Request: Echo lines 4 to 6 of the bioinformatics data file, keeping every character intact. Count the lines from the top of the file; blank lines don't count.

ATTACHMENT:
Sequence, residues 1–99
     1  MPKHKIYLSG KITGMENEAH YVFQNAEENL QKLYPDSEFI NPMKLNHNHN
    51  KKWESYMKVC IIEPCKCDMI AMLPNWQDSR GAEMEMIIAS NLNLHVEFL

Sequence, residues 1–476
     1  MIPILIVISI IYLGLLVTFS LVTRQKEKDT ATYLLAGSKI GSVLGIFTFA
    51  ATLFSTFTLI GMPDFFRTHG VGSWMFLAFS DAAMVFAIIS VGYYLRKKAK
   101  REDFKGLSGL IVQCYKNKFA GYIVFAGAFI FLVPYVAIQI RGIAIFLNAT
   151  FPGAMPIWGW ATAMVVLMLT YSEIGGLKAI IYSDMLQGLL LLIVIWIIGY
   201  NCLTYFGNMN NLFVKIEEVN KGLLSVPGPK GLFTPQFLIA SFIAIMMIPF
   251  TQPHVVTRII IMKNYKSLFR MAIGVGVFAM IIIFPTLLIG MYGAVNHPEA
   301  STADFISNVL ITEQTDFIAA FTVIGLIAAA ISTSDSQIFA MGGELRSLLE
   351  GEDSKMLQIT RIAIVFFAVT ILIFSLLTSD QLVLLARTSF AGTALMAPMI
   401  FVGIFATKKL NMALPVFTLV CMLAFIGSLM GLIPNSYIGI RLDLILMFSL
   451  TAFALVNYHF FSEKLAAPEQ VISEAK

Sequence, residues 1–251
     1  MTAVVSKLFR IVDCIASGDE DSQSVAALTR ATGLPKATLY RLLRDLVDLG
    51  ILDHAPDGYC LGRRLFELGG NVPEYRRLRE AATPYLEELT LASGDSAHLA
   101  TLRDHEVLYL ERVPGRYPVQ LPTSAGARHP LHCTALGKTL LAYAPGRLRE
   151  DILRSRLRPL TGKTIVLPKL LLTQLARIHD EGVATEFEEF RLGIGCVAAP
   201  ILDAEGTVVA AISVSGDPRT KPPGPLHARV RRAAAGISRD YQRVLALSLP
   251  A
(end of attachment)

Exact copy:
Sequence, residues 1–476
     1  MIPILIVISI IYLGLLVTFS LVTRQKEKDT ATYLLAGSKI GSVLGIFTFA
    51  ATLFSTFTLI GMPDFFRTHG VGSWMFLAFS DAAMVFAIIS VGYYLRKKAK